If the castings were in brighter colors--or the castings themselves were larger--something to be said for white primer, white wash--and then a thin wash of burnt umber to bring out the detail. This brings out detail pretty well. In fact, it brings out deficiencies so well I'm fixing some of my own mistakes this morning.

Word of advise: none of the counsel you will receive is wrong. Goals and expectations matter in painting too. And so does mass effect, especially in 15mm and smaller. Don't get so concerned with crooked belt or a bad seam that you don't get a proper army on the table. A hundred castings covers a multitude of painting sins.

Timmo uk18 Aug 2017 8:44 a.m. PST

I think details are easiest to see when using white primer. You could prime three figures, one in black, one in grey and one in white and see which you find the easiest to work with.

I also happen to find white primer gives me more flexibility when it comes to choosing how to paint the figures but YMMV on that.

Really there is no right or wrong in this just what feels most comfortable to you.

Vigilant18 Aug 2017 8:50 a.m. PST

As said above, there is no right or wrong. I have used all 3 different colours and have settled on grey or white depending on the final colour to be used – yellow is a particular pain to use, so I undercoat white then base coat with a sand shade initially. I suggest you try all the suggested techniques and decide which works for you. The other suggestion I would make is to get a good light source. I bought a magnifier with a ring light daylight bulb this year and it has really helped.

Frederick Supporting Member of TMP18 Aug 2017 8:50 a.m. PST

Agree with the general thread above – I also find that some colours (bright red, yellow) do not do well with a primer other than white or a lighter version of the desired colour

Personal logo jeffreyw3 Supporting Member of TMP18 Aug 2017 9:03 a.m. PST

Good suggestions here. I wouldn't worry too much about using a magnifier--I have for the past couple years (Optivisor) and it's really helped my painting.

Titchmonster18 Aug 2017 9:53 a.m. PST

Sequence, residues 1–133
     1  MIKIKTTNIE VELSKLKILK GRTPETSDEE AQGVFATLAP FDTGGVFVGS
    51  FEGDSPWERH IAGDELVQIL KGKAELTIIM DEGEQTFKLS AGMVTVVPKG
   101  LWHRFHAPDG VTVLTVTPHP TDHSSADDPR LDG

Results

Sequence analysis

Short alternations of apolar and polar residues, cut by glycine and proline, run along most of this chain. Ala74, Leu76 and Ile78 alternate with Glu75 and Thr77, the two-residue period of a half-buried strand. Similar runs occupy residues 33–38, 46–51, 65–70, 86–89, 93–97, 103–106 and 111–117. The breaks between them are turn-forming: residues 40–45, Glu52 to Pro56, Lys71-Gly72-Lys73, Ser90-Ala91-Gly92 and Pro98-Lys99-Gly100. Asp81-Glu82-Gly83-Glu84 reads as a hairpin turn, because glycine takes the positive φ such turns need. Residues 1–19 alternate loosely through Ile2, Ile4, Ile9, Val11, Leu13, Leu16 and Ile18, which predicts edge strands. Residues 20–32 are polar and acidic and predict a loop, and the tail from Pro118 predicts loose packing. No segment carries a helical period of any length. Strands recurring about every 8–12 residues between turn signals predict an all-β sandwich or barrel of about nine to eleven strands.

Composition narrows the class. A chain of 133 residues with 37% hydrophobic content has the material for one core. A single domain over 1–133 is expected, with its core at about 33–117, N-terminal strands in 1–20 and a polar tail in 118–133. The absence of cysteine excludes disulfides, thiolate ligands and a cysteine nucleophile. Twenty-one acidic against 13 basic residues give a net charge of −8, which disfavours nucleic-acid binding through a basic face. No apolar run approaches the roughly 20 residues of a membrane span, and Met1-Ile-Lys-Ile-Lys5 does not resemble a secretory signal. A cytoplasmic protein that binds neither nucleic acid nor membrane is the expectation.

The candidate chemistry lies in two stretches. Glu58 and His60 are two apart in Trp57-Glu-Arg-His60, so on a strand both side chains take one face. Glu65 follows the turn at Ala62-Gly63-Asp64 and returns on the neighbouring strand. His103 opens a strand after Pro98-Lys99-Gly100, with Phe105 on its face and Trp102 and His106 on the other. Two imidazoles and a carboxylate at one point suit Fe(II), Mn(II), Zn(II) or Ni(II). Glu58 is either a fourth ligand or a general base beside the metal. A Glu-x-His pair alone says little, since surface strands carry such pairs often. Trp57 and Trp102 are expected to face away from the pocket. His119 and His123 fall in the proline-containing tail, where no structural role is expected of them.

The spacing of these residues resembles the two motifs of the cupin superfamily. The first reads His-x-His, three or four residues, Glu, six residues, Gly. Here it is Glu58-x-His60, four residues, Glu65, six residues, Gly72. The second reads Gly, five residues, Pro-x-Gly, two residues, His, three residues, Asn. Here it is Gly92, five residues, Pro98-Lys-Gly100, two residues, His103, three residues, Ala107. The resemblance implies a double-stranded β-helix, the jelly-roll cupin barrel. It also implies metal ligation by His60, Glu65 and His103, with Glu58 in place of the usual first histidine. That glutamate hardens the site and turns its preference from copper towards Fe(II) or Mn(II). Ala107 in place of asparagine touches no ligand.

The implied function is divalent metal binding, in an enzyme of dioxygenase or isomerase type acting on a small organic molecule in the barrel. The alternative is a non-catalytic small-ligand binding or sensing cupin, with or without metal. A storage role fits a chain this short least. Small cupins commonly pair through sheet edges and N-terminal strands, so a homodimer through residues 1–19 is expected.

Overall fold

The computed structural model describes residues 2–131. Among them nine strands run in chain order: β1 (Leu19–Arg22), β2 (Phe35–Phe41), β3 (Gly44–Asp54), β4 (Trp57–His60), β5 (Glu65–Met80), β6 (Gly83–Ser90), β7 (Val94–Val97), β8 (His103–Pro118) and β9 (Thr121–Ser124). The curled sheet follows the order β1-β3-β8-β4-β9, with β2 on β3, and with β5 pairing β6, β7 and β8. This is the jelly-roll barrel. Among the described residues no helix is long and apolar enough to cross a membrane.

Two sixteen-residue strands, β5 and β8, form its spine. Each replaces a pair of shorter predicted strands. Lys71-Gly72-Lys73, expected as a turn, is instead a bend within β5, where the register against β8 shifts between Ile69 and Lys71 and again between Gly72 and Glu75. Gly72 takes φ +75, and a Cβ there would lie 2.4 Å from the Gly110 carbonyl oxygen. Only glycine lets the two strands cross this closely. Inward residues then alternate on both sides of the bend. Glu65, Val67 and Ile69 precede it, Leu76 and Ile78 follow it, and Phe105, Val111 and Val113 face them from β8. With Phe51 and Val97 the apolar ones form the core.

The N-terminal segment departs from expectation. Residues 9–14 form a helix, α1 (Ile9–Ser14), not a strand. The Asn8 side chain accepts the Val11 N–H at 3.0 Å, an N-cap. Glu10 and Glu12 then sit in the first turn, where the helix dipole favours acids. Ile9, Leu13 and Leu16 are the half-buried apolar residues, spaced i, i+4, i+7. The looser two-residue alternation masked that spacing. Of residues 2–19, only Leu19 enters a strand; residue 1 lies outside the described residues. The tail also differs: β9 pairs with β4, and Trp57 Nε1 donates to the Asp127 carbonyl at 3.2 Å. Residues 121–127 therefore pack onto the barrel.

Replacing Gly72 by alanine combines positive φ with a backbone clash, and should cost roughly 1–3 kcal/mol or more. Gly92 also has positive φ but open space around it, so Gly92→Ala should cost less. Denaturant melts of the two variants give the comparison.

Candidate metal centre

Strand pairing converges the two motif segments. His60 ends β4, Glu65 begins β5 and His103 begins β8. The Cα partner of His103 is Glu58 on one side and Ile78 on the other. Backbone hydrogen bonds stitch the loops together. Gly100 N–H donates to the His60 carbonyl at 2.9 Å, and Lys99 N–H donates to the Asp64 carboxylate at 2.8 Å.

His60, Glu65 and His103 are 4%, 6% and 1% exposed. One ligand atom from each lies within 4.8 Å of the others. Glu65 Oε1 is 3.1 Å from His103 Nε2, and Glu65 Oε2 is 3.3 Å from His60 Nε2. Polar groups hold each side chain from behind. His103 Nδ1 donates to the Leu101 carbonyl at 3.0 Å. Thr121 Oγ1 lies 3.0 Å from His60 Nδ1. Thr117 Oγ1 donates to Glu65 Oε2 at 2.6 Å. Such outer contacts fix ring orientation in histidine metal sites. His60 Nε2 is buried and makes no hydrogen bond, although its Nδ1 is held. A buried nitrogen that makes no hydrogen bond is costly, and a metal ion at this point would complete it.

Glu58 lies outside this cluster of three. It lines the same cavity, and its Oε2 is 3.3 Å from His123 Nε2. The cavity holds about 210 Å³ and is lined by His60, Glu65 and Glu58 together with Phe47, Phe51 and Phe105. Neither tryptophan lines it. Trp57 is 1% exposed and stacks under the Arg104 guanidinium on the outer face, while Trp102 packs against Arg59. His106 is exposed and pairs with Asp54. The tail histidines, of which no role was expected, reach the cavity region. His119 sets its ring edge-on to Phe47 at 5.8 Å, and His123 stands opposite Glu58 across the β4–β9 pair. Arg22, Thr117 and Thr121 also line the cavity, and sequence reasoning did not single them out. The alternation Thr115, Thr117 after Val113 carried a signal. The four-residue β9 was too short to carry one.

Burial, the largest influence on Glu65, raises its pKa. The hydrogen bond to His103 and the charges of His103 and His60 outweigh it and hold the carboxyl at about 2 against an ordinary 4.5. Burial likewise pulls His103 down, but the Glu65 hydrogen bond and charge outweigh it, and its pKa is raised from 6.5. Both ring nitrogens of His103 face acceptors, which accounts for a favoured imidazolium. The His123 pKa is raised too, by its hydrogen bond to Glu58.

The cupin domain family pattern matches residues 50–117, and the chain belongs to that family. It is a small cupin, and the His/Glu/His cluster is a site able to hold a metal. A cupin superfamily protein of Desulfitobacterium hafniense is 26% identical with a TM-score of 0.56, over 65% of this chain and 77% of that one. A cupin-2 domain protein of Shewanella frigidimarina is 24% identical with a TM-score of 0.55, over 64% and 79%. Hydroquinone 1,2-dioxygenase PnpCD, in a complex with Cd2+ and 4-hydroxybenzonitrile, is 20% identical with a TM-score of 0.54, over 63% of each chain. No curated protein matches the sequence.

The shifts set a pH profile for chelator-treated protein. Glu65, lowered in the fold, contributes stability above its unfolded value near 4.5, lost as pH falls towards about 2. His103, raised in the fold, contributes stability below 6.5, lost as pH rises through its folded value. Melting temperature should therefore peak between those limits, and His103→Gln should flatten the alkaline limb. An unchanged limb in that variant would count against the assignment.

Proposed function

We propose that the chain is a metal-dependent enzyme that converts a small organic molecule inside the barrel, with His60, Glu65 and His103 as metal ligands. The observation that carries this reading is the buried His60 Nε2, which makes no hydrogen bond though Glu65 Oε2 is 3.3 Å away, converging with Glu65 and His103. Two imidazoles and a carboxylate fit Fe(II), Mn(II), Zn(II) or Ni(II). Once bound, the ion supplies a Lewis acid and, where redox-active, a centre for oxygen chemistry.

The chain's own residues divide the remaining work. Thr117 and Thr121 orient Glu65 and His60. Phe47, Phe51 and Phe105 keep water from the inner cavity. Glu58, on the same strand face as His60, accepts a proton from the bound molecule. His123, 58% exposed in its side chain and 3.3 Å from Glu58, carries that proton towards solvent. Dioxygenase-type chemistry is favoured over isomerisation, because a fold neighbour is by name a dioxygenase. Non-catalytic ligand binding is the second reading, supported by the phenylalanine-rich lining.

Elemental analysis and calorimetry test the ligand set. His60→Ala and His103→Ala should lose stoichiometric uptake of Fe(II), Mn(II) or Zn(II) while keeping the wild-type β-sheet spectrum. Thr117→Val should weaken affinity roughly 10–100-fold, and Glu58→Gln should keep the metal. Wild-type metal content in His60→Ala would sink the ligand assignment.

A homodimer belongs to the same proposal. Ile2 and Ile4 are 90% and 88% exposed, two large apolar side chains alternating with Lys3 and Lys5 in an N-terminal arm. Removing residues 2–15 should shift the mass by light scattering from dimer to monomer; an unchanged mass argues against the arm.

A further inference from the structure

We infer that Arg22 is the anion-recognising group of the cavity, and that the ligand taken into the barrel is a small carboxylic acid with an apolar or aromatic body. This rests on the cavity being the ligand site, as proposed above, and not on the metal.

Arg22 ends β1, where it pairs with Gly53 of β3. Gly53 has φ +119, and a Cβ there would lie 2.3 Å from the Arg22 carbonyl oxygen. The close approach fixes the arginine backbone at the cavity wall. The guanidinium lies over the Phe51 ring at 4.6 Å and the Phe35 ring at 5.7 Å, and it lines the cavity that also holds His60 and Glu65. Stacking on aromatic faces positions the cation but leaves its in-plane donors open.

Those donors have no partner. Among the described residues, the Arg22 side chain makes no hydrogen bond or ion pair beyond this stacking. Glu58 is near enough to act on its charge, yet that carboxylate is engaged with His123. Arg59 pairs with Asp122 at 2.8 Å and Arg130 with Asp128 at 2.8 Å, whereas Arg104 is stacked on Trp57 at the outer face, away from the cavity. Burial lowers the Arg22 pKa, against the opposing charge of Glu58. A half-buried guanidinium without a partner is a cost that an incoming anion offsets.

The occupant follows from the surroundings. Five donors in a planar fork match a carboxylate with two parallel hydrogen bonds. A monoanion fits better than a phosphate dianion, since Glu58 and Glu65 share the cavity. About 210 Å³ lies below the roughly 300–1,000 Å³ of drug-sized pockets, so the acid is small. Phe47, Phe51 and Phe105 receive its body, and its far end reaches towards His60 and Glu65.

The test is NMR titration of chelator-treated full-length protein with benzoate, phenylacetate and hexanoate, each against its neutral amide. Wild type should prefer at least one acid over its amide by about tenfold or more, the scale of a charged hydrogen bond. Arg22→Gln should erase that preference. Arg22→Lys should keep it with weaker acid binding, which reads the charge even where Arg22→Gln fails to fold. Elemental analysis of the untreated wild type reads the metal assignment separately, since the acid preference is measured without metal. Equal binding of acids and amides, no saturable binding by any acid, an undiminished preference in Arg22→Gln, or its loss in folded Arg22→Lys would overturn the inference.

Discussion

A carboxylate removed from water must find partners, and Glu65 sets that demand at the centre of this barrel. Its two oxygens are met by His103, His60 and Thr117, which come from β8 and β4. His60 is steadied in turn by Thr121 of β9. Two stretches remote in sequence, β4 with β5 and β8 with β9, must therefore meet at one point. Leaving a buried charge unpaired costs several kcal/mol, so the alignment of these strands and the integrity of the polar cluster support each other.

I second the Optivisor. I had to go to one a couple of years ago and it's way better than the Ott light with the magnifier.

Kevin C Supporting Member of TMP18 Aug 2017 10:06 a.m. PST

I use grey for most things, but I use whites if I want colors like yellow or red to be a little more brilliant. I rarely use black, but will on miniatures (or more often buildings) that I want to look a little more gritty. I have also used red-brown for Caucasian figures that show a lot of skin (like Celtic fanatics). One thing that I would caution against is using white if you want to paint figures that use a lot of dark blue (Prussians, French, Yankees, etc.). Also I would not recommend using black if your figure is going to have a lot of yellow. One last comment. You may want to avoid using black primer, if your eyesight is not that great because black primer will make details on the miniatures hard to distinguish.

Kevin

TonicNH18 Aug 2017 10:20 a.m. PST

As other folk have mentioned there is no right or wrong it's whatever suits you.

My eyesight isn't what it used to ne so I prefer white or light grey primer (possibly with a darker wash to bring out the details)

for what it's worth I'd also suggest a good light with a daylight bulb like the "Betsy" from

link

likewise I've found a head magnifier a real help. Try this if you don't fancy forking out for an optivisor

link

Hope that helps

Personal logo Ooh Rah Supporting Member of TMP18 Aug 2017 10:41 a.m. PST